Obtaining CBED Patterns

  • David B. Williams
  • C. Barry Carter


We know that SAD, while giving us useful information about the specimen, has two severe limitations:
  • We have to be very cautious in interpreting SAD patterns from areas which are less than ~0.5 lam in diameter. This size is large compared to the dimensions of many crystalline features that interest us in materials science (Chapter 16).

  • SAD patterns contain only rather imprecise two-dimensional crystallographic information because the Bragg conditions are relaxed for a thin specimen and small grains within the specimen (Chapter 17).


Zone Axis Reciprocal Lattice Diffraction Maximum Thin Specimen Kikuchi Line 
These keywords were added by machine and not by the authors. This process is experimental and the keywords may be updated as the learning algorithm improves.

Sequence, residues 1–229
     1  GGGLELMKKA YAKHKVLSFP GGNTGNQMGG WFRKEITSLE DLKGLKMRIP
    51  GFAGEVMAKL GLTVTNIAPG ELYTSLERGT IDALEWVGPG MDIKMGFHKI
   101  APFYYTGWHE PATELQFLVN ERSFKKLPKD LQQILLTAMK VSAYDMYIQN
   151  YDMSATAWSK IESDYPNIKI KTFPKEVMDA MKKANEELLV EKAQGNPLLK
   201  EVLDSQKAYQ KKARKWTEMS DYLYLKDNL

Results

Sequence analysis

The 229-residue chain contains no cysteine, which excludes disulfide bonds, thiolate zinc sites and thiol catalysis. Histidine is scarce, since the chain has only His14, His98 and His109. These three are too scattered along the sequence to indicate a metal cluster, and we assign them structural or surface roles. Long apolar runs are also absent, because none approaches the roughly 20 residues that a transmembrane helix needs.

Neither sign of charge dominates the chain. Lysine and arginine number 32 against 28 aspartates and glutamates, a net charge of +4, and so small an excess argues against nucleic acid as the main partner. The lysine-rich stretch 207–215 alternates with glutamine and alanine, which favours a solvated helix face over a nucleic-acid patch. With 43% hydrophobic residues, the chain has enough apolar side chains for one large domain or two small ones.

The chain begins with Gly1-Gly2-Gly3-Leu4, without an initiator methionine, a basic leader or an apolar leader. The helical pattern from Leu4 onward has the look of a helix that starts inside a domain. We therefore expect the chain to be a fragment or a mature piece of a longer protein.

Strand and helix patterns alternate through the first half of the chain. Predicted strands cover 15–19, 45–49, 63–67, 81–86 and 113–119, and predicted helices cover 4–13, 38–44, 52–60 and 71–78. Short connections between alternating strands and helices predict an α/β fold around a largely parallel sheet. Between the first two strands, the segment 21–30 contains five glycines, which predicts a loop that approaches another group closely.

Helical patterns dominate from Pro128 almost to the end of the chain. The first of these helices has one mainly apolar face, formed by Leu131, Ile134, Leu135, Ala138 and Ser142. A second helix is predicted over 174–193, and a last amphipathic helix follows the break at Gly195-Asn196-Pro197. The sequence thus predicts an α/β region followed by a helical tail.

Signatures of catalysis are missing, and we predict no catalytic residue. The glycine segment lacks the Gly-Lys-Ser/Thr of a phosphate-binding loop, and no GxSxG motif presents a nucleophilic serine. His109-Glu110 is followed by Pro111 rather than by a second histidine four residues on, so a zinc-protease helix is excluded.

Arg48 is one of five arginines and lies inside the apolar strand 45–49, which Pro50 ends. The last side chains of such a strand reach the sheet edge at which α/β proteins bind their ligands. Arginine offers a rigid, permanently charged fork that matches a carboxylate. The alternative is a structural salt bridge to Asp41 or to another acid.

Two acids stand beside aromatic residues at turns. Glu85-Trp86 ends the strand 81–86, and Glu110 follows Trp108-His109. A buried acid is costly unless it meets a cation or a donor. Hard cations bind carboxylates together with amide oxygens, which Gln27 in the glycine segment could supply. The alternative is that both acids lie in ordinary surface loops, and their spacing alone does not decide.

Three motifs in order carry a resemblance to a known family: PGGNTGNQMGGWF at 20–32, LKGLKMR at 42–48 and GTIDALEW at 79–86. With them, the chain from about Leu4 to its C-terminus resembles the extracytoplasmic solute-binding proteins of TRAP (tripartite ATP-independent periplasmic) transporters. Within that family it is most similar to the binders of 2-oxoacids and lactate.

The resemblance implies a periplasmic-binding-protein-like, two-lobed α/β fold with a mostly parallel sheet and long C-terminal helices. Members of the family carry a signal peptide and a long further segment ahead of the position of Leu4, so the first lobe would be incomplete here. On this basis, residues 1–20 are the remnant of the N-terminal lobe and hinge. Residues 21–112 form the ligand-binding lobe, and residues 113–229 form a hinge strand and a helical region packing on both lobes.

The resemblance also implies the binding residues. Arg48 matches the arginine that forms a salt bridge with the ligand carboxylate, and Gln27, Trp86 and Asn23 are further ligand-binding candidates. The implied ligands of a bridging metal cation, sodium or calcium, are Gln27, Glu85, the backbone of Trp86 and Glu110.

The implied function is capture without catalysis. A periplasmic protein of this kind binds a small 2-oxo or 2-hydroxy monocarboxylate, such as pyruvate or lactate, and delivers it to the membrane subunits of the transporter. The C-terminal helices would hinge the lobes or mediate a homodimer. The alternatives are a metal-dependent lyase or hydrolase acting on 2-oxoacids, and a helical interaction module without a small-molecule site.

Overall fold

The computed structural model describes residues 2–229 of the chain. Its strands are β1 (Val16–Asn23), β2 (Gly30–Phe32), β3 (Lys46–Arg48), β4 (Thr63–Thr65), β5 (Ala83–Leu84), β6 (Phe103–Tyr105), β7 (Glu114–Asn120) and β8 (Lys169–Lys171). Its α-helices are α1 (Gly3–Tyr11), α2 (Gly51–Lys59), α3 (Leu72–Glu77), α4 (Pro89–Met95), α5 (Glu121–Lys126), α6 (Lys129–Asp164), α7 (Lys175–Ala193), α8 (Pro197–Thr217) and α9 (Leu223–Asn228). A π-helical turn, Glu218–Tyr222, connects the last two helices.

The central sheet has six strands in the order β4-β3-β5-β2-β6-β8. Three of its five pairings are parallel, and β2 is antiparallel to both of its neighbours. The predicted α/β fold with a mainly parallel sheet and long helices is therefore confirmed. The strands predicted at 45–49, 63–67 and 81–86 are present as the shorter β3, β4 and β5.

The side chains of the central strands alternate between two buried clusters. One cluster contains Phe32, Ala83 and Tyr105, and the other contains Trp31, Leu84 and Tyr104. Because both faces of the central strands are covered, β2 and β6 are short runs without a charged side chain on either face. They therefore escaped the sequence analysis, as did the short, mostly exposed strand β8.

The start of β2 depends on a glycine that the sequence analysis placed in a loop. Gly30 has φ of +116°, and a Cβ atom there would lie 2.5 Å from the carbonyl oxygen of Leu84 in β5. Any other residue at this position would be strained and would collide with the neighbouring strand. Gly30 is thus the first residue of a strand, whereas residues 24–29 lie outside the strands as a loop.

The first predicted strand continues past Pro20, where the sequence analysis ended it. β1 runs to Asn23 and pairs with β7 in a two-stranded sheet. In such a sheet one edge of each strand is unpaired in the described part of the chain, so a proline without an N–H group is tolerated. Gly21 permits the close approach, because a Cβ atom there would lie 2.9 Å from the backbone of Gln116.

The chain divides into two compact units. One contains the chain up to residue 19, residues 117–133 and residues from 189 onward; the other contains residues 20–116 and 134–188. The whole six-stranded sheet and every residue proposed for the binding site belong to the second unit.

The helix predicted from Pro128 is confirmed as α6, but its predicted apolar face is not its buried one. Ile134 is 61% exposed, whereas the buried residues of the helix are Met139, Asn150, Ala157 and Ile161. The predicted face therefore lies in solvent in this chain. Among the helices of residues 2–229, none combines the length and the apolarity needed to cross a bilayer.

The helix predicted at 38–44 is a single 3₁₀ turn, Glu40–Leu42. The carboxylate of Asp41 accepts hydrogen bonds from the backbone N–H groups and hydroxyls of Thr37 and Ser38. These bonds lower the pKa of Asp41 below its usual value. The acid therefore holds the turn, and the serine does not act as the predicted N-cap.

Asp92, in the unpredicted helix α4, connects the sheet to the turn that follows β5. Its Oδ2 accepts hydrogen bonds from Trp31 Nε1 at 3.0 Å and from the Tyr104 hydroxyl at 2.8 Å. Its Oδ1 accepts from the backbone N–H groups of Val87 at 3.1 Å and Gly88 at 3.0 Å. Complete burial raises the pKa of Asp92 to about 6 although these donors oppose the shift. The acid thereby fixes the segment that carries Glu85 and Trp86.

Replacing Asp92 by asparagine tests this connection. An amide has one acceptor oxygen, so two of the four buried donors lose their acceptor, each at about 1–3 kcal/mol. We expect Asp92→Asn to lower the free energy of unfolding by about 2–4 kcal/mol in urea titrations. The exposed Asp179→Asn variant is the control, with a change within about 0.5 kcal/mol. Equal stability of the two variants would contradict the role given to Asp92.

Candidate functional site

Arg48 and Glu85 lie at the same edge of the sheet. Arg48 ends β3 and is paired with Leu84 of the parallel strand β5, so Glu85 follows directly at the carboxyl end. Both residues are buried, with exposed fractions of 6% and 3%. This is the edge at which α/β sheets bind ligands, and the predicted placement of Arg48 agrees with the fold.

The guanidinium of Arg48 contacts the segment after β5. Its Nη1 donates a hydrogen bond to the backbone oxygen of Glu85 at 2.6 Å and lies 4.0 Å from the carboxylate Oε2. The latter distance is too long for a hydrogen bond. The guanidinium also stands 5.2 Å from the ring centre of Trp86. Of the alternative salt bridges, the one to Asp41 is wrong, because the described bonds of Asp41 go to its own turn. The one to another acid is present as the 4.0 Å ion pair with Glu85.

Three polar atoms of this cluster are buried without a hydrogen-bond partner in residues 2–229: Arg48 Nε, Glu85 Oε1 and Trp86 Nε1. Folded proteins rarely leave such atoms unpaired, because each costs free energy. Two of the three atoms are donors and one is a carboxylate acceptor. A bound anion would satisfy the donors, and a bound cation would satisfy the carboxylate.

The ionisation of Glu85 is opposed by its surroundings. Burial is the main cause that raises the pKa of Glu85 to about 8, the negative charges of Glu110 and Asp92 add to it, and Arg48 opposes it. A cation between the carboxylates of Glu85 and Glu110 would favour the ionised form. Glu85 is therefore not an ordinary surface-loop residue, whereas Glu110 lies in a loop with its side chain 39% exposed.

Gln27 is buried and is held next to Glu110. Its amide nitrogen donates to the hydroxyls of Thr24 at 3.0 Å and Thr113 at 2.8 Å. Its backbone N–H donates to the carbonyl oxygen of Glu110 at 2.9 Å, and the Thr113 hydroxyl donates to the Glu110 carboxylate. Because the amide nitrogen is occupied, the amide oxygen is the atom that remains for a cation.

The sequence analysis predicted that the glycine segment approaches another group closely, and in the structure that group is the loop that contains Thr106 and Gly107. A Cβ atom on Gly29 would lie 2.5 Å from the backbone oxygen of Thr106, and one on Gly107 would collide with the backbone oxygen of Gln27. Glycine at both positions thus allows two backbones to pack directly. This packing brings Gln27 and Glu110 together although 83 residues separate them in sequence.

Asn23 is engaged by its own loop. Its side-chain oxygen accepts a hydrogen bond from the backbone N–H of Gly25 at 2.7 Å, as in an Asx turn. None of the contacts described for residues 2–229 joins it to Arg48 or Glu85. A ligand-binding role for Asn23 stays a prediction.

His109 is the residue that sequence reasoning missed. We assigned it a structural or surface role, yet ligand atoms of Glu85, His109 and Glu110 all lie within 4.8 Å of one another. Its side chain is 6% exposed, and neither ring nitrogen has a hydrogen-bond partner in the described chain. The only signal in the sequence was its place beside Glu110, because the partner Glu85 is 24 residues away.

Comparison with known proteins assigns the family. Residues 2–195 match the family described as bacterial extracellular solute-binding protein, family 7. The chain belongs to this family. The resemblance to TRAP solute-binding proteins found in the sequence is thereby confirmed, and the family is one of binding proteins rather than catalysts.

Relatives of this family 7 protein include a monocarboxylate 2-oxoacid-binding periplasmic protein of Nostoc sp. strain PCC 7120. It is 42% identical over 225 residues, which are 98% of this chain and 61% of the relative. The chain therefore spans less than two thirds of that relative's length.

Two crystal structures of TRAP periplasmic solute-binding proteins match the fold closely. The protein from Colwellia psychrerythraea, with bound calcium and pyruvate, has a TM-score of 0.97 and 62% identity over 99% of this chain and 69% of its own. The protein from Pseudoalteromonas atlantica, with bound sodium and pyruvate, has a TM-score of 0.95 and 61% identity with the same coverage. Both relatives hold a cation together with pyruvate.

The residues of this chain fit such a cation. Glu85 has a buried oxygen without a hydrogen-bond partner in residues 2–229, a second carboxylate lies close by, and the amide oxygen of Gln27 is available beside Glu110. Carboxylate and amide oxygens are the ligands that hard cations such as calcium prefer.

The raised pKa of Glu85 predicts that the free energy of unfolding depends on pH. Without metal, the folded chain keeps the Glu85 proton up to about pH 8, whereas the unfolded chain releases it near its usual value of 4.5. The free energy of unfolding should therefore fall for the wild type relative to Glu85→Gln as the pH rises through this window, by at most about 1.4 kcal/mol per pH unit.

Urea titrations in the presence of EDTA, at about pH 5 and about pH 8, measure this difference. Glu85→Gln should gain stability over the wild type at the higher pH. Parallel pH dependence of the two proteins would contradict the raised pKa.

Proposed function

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General References

  1. Loretto, M.H. (1994) Electron Beam Analysis of Materials, 2nd edition, Chapman and Hall, London.Google Scholar
  2. Steeds, J.W. (1979) Introduction to Analytical Electron Microscopy (Eds. J.J. Hren, J.I. Goldstein, and D.C. Joy), p. 387, Plenum Press, New York.Google Scholar
  3. Sung, C.M. and Williams, D.B. (1991) J. Electron Microsc. Tech. 17, 95. Williams, D.B. (1987) Practical Analytical Electron Microscopy in Materials Science, 2nd edition, p. 117, Philips Electron Optics Publishing Group, Mahwah, New Jersey.Google Scholar

Specific References

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  8. Reimer, L. (1993) Transmission Electron Microscopy; Physics of Image Formation and Microanalysis, 3rd edition, Springer-Verlag, New York.Google Scholar
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Copyright information

© Springer Science+Business Media New York 1996

Authors and Affiliations

  • David B. Williams
    • 1
  • C. Barry Carter
    • 2
  1. 1.Lehigh UniversityBethlehemUSA
  2. 2.University of MinnesotaMinneapolisUSA

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